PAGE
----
Statue vandals full of meanness
Published 12:00 am Sunday, July 20, 2003
When someone steals from you, there’s a reason for it: the thief actually needs (or thinks it needs) what you possess. But when someone destroys your property, it’s safe to say that the only thought in the vandal’s mind was malice. Pure and simple.
That’s what comes to mind when reading the story about the ruined large jade statue in front of the Hampton Roads Youth Center.
The decapitation might be repairable, but a sense of trust and generosity was shattered by this senseless of this crime, which took place sometime before Tuesday morning.
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We mention generosity because the statue was given as a gift by John Waller in memory of his wife. He and Nonie had visited China decades ago and bought it.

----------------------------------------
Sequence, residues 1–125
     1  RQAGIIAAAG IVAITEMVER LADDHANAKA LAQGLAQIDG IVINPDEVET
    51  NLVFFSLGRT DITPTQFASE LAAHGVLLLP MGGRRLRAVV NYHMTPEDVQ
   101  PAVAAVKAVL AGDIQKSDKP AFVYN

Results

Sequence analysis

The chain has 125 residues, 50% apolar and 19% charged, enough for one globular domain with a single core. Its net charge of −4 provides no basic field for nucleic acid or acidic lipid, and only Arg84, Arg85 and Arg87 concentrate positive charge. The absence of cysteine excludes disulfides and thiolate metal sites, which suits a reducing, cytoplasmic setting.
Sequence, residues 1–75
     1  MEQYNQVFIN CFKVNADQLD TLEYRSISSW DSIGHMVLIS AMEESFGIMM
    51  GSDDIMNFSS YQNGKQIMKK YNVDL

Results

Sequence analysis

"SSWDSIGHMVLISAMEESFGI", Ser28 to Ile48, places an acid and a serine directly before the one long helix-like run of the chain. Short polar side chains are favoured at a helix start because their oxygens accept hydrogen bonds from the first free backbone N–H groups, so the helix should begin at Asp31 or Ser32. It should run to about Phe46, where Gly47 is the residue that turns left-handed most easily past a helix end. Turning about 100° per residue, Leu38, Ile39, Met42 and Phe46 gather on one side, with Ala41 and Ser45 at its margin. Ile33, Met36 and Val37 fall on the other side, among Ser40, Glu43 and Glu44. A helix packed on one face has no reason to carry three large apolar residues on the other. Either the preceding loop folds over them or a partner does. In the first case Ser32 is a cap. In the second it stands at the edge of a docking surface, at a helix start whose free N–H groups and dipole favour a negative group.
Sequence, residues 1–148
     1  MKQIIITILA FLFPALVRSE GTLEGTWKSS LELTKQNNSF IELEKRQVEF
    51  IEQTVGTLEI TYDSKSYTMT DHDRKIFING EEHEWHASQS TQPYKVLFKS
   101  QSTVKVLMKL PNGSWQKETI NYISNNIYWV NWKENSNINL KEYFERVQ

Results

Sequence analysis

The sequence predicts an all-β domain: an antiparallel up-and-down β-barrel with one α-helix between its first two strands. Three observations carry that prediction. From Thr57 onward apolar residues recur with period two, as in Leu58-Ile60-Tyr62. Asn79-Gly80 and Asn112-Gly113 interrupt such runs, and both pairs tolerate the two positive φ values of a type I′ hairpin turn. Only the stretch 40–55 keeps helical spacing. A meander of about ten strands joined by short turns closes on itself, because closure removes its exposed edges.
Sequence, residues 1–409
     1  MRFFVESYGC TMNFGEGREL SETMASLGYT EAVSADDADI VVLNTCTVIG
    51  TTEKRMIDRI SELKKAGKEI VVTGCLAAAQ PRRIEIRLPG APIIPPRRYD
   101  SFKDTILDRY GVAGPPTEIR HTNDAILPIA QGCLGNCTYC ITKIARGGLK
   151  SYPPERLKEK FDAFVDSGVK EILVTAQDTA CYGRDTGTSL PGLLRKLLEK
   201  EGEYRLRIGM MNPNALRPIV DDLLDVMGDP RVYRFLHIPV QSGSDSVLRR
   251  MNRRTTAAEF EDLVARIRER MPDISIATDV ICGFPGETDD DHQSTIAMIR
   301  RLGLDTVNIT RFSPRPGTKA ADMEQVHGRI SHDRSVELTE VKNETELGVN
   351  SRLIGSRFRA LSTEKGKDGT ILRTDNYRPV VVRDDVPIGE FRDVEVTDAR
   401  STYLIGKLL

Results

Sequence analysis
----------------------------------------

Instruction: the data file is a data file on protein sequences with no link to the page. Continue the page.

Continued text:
In an act of goodwill, he gave to the center the artwork of General Jing Ke, a ruler in 100 B.C.E who is remembered for compassion.
That’s a quality that the vandals utterly lack.
We hope that when they’re caught (we’re optimistic), that they’ll be publicly forced to not merely confess their crime, but to explain their lives. But how long can it take to explain a life of pettiness, meanness and vulgarity? Five minutes. Tops.